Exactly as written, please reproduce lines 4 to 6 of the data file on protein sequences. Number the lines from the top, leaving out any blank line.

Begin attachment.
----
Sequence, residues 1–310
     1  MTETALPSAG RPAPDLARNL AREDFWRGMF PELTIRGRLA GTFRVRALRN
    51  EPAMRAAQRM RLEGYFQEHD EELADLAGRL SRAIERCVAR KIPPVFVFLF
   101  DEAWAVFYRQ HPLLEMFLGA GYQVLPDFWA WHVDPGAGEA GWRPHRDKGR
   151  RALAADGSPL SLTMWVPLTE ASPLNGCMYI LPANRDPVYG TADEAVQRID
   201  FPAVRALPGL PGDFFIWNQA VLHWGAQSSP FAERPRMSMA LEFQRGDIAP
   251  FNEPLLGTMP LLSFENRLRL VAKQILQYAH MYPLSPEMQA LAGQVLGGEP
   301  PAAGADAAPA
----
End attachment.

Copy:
   101  DEAWAVFYRQ HPLLEMFLGA GYQVLPDFWA WHVDPGAGEA GWRPHRDKGR
   151  RALAADGSPL SLTMWVPLTE ASPLNGCMYI LPANRDPVYG TADEAVQRID
   201  FPAVRALPGL PGDFFIWNQA VLHWGAQSSP FAERPRMSMA LEFQRGDIAP